Check your MeFi-Mail.
posted by justalisteningman at 5:27 PM on August 17


When you find someone, insist on extensive test coverage for the algorithm portion of the work, and collaborate closely with them on that. It’ll be important for you to have confidence that the spreadsheet model has been accurately ported and continues to output correct results as you change it over time.
posted by migurski at 6:26 PM on August 17


The mechanics of this sound really easy. The communication with the researchers might be tricky depending on their personalities, but shouldn't be too bad since you're talking about a programmer -- who's probably going to think very logically -- and researchers, who probably are thinking very numerically and logically.

However, a good user interface will help you enormously in describing and discussing this with others, and also in deploying this to a wider audience. So, look at previous work.

This is simple enough that you should be able to get someone who writes solid code and who will be able to make something at least a little elegant-looking and clear.
posted by amtho at 6:35 PM on August 17


Following up on migurski's comment about testing the algorithm. Ideally the algorithm code should be on a module that can is built, tested, packaged and delivered independently of the web app. This will allow you to modify the algorithm and web site independently of each other. This increases reliability while decreasing maintenance cost.

Technically I'm suggesting the algorithm is packaged as a gem in ruby or a jar in java/scala or assembly in .net, etc...

Also amtho is right, the mechanics sound easy, but ensuring a good design will pay dividends if you anticipate this web app to be at all long lived, or need to undergo any sort of changes.
posted by askmehow at 6:47 PM on August 17


This sounds like it could be a one-stop with an experienced contractor/freelancer. Taking requirements from a specialized domain where they aren't particularly experts and making working software is what they do for a living.

You should be able to find someone who will commit to updates in the future. You can also ask for (insist on) source code in case something goes wrong with that plan.

2000 hours sounds way, way high. Sounds like less than 100 to me, but there could be good reasons why that isn't a good guess.

Your researchers don't need to be able to draw a flowchart--but they would need to be able to talk through one and correct it/update it themselves. If they can't do this, you'll need to keep yourself or someone like you in the picture.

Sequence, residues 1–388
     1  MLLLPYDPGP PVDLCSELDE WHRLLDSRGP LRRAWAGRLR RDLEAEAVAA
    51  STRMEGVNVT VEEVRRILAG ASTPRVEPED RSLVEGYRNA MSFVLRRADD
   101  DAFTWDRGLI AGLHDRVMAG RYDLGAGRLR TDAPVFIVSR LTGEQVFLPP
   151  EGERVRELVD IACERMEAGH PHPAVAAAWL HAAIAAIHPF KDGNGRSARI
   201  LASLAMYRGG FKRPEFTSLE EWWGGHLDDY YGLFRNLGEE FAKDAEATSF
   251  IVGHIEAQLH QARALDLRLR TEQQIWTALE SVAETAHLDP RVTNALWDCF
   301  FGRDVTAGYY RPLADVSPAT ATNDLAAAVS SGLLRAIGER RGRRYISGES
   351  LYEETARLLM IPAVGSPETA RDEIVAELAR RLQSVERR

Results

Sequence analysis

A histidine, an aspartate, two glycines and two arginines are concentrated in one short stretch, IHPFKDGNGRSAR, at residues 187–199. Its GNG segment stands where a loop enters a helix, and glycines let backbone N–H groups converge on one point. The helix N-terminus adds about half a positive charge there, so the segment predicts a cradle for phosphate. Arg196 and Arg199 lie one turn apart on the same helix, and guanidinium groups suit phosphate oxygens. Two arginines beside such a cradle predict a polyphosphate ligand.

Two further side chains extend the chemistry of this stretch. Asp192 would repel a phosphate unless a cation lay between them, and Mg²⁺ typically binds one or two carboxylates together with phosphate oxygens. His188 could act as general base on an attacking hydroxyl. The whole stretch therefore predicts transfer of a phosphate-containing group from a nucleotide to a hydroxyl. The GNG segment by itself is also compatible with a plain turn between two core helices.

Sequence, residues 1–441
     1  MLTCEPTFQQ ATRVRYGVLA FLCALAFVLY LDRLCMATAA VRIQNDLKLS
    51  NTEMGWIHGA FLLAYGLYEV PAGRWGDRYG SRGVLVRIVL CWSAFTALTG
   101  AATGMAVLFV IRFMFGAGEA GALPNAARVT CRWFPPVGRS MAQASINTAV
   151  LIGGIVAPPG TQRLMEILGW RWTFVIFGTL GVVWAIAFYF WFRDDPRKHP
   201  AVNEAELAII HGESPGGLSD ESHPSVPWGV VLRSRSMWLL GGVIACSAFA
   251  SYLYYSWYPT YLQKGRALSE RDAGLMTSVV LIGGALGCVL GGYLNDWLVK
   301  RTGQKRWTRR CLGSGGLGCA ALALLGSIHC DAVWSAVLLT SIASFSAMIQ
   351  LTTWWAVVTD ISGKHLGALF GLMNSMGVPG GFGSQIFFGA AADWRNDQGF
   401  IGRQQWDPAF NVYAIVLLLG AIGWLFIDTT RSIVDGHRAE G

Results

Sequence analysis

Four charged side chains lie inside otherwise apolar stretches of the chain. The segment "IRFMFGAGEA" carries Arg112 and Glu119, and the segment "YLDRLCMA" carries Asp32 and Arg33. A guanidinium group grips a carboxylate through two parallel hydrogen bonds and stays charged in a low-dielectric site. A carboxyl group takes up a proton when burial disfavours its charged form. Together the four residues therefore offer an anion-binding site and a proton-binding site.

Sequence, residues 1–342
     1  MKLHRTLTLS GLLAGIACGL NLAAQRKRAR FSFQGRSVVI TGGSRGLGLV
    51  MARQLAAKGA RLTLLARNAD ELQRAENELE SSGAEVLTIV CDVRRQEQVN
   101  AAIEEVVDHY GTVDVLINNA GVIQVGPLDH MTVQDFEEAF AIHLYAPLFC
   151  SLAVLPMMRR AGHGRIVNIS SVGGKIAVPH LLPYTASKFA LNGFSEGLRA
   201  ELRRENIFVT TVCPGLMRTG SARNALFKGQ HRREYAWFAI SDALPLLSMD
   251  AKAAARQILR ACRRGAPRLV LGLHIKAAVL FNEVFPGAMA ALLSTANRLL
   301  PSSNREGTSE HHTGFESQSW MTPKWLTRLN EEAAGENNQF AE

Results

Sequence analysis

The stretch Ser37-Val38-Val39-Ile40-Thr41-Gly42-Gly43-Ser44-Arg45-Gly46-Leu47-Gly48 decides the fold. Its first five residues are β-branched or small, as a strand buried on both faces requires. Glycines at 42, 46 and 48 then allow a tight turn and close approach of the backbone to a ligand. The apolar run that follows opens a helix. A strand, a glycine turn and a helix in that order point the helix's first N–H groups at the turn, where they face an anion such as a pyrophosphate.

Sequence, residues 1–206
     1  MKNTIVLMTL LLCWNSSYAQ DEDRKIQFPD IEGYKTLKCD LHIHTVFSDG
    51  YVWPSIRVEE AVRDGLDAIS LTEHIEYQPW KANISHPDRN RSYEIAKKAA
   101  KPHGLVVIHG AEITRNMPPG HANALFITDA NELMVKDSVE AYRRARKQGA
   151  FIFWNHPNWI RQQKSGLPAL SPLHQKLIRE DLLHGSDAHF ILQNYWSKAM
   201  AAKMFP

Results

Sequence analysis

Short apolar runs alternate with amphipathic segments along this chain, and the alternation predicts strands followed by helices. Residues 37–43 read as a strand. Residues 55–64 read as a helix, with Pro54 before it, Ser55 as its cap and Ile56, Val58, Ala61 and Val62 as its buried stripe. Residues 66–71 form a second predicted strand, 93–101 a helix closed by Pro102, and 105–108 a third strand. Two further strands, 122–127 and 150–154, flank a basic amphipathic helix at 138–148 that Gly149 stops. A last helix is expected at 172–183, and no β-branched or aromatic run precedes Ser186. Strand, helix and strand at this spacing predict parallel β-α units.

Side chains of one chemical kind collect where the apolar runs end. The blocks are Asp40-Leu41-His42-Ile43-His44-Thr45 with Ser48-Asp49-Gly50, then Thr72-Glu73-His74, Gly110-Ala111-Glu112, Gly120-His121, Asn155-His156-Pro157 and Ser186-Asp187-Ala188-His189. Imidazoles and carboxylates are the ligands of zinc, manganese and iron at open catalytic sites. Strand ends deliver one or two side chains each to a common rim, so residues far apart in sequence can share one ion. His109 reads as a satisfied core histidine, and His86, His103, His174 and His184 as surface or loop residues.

How to find a good contractor . . . well, that's hard to do. You can search online or even in the yellow pages, but you'll get a lot of so-so shops that way. If you hire from a shop, insist on talking to the guy who will actually do the coding in the interview. You can try going to developer meetups and seek out individual programmers there too.

You want someone who is interested and engaged with you from the first meeting, and someone who clearly isn't coming to their first rodeo. Don't worry about .NET vs Java and stuff like that. Having a few successful actual-programming projects is the important thing.
posted by mattu at 7:34 PM on August 17


If you possibly can, implement the algorithm part in either R or Python(preferably R) so that it can be updated by people with less programming experience in the future. R is exploding right now, and becoming the standard tool for research data analysis.

The real hard part here is going to be securing the patient data. If this application is going to be exposed to the wider internet world, the web part needs to be written and maintained by a pro, or your site will get hacked.
posted by rockindata at 4:38 AM on August 18


You need two people. A good programmer who can turn the flow charts into a program, and a web site creator who can put it on the web. Different skills.


Those are not necessarily different skills. Any skilled developer can translate flowcharts into code. You want to look for something like Ruby on Rails or Node.js developers.


Difficulty: a limited budget (i.e. unlikely to support even one full time programmer yearly) but might be appealing to academic or research types as there may be publications and similar academic type 'rewards' on the table.


This is a perfect project for a Masters student looking for GRA funding, and that should easily fit into your budget...because it will be about 1/3 the cost of a professional developer. There are lots of students who would love this opportunity.
posted by semaphore at 8:49 AM on August 18


I work for a research university, in a department that gets a portion of its funding from writing algorithmic websites for PIs.

This would probably be pretty simple to bang out using Django for the backend and Bootstrap for the UI. The problem is that your team has zero clue how to hire or manage the people doing the work. We hire fulltime senior programmers to oversee the training and managing of student developers. From our end the biggest challenge is PIs that keep pushing for more features, more changes. Scope creep, etc.

We aren't the only university performing this sort of consolidation. Ask your Information Technology / Information Services dept if they know of anything on campus performing that kind of service. The worst case scenario is they give you a quote that means you're back to trying to manage Masters student programmers directly.

Be wary: the combination of computer skills and biochemistry is hard to find, and well remunerated in industry. You will not have much time before the student graduates into a consultant earning more than you. This is how we got a protein geometry search engine on our plates, for example. And oh what a mess it is internally.
posted by pwnguin at 9:06 AM on August 18


I sent you a MeFi Mail!
posted by Kwine at 10:26 PM on August 18